Madison County



This township is bounded on the north by Dallas county, on the south by Jackson township, on the east by Madison township and on the west by Adair county, and is the northwest corner township of the county, and is located on range twenty-nine.

It may be questioned whether there is in all Iowa a finer township of land than this for the general purposes of agriculture. The soil is the richest of the dark loam abounding throughout the drift regions, and in this township is entirely free from stone. The fertility of the soil even approaches to rank luxuriance, and it will take ages to exhaust its primeval vigor. The location of the township is high and there is scarcely an acre of waste land in its limits. Scarcely any natural timber is to be found and the prairies sweep away in rolling undulations. This township embraces the most beautiful portion of the famed district known as the "Quaker Divide."

This township was one of the last in the county to be settled. The early settlers held the mistaken idea that the most valuable land was that covered with timber in the river bottoms or the prairie immediately adjoining it; consequently the timbered portions were the first settled and the splendid prairie lands were unoccupied for several years. This township was first settled in 1856 by C. P. Wright and James Jeffries. They dwelt here in entire loneliness until the following summer, when J. E. Darby, Thomas Wilson and David Stanton came among them and selected splendid prairie farms and united their fortunes with those of Penn township. Settlers continued to come in steadily but slowly during the early years. During the war times there was comparatively little improvement made, but in the following years the growth of the township was rapid. During the years 1867 and 1868 the population increased from 225 to 454.

As might be conjectured from the name of the township and the popular description of this territory as the "Quaker Divide," the township numbers a large number of citizens who belong to the religious body known as the Society of Friends. They are in the true scriptural sense "a peculiar people." Frugal and industrious they are surrounded by thrift and plenty; honest, kind-hearted and religious, they command the esteem of all. Rarely is the peace of Penn township disturbed by strife or evil discord.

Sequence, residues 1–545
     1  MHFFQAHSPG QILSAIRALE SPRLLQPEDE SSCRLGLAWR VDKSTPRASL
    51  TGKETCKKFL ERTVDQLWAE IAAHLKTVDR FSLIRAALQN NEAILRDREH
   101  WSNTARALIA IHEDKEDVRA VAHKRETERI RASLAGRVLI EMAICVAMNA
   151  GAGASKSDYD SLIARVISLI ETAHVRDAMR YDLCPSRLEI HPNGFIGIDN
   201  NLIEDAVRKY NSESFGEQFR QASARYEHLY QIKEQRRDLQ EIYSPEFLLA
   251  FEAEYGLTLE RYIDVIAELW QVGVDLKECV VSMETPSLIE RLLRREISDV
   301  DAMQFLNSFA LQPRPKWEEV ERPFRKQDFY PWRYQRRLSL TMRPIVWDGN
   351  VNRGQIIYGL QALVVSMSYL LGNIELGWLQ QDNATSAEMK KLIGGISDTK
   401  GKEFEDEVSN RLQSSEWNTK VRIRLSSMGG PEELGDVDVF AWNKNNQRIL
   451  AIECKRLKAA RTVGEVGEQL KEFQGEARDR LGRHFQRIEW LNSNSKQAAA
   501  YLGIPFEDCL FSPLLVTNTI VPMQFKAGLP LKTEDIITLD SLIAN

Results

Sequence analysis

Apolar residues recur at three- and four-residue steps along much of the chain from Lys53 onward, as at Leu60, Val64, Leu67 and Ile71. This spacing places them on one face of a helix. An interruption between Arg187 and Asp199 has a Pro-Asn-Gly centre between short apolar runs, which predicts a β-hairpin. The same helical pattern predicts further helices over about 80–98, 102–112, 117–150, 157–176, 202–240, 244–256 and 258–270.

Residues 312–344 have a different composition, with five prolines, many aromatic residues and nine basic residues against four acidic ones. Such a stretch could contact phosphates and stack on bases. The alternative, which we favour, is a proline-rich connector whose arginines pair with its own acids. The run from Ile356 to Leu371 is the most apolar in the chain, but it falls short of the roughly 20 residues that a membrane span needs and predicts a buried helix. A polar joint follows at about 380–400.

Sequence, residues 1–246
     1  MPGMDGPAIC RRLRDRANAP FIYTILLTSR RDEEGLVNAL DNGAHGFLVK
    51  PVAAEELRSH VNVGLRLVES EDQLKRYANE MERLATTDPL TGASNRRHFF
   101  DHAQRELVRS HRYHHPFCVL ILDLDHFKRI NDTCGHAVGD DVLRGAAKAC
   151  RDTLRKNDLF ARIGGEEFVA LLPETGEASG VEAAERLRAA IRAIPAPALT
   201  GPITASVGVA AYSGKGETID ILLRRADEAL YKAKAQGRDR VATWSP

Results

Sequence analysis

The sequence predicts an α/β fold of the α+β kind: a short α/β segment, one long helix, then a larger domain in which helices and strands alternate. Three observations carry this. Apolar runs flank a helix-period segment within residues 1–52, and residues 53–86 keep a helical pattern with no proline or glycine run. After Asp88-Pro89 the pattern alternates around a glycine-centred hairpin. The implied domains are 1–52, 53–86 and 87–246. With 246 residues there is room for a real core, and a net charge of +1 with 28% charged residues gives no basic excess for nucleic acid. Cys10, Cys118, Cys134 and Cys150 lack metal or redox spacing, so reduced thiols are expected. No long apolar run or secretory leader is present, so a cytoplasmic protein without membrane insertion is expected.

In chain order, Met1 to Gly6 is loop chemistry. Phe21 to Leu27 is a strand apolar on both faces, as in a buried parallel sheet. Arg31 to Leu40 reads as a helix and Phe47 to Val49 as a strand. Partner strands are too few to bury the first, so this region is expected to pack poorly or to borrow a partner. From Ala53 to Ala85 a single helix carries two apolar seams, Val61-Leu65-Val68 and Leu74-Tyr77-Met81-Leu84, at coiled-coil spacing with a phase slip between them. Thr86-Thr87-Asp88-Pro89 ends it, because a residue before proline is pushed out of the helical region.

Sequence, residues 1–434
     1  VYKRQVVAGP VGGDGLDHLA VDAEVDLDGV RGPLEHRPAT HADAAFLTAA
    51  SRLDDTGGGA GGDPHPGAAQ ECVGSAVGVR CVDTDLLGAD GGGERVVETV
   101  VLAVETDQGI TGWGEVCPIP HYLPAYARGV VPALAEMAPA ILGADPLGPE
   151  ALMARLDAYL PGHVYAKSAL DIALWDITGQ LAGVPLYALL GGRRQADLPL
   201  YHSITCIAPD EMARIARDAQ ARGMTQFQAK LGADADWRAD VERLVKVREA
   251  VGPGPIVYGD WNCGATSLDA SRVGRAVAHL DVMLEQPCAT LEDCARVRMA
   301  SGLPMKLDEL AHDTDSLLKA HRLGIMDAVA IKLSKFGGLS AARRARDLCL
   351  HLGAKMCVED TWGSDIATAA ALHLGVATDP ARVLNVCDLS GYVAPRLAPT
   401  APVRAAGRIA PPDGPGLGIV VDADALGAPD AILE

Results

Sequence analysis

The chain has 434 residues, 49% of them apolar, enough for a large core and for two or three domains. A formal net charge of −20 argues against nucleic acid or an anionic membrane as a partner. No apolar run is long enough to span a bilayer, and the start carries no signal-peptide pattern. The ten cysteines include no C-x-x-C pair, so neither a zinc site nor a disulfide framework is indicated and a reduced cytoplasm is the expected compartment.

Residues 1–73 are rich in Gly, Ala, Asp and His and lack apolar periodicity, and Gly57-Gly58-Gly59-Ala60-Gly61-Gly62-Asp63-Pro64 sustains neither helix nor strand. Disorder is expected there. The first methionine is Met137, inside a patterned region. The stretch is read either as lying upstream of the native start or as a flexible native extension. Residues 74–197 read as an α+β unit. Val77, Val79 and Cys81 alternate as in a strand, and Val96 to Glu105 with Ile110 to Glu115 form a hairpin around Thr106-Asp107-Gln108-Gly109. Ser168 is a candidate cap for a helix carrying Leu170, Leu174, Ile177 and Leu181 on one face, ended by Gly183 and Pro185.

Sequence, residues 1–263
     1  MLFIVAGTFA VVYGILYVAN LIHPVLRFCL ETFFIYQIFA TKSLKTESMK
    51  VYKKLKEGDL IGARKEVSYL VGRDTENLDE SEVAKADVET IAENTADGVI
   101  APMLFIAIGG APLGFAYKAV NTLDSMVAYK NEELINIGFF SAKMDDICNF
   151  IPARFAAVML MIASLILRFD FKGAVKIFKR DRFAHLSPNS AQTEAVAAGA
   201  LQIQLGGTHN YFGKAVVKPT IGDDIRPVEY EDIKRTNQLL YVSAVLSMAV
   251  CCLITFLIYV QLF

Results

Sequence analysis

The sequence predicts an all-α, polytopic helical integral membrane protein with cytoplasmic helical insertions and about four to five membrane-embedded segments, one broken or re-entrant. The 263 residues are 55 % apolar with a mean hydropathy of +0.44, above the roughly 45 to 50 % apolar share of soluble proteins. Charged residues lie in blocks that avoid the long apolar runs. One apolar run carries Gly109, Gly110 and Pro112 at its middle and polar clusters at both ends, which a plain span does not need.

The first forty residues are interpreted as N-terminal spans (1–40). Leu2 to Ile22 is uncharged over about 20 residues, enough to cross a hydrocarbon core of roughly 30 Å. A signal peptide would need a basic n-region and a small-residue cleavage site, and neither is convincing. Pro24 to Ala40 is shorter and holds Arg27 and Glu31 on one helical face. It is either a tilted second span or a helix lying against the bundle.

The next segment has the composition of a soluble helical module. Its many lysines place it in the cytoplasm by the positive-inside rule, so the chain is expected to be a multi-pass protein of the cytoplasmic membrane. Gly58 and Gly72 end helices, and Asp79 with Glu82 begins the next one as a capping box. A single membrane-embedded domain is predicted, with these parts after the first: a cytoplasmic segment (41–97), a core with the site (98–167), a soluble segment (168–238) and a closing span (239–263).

Although generally destitute of natural forest trees there was quite an old land-mark here in the earliest days in the form of a beautiful grove. It was in this grove that David Stanton located his house. It is some six or seven acres in extent and is located on very high ground, consequently it can be seen for a wide distance and the California emigrants used to pilot their course by it. In this way it gained the name of Pilot Grove, a title it has retained until the present time.

The township is well watered by the North Branch and its tributary, the South Fork. Although the soil is free from rocks, some stone has been found in places in the township of such good quality that it has been used with success in building.

The present officers of the township are: Justices - James Simonds, Wm. Fleming; Trustees - Hiram Ford, Isaac Piper, Alex. Bell; Constables - Frederick Eish, E. R. Chandler; Assessor - Daniel Francis; Clerk - W. A. Ross.


Shown below is Penn Township as it appeared in 1875.  There were about 145 families exclusive of Earlham town living there at the time the map was made although only 6 are shown and despite the fact that the township was the last of the county to be settled. The North Branch is the primary watershed in the north third of the township, Jim Creek in the center third, and Tom Creek which joins the North Branch in Madison Township is the watershed in the south third.  There were two active cemeteries as shown in 1875.

Penn Township - 1875

Maintained by the County Coordinator

This page was created on July 23, 2004.
This page was last updated Thursday, 13-Apr-2017 17:03:51 EDT .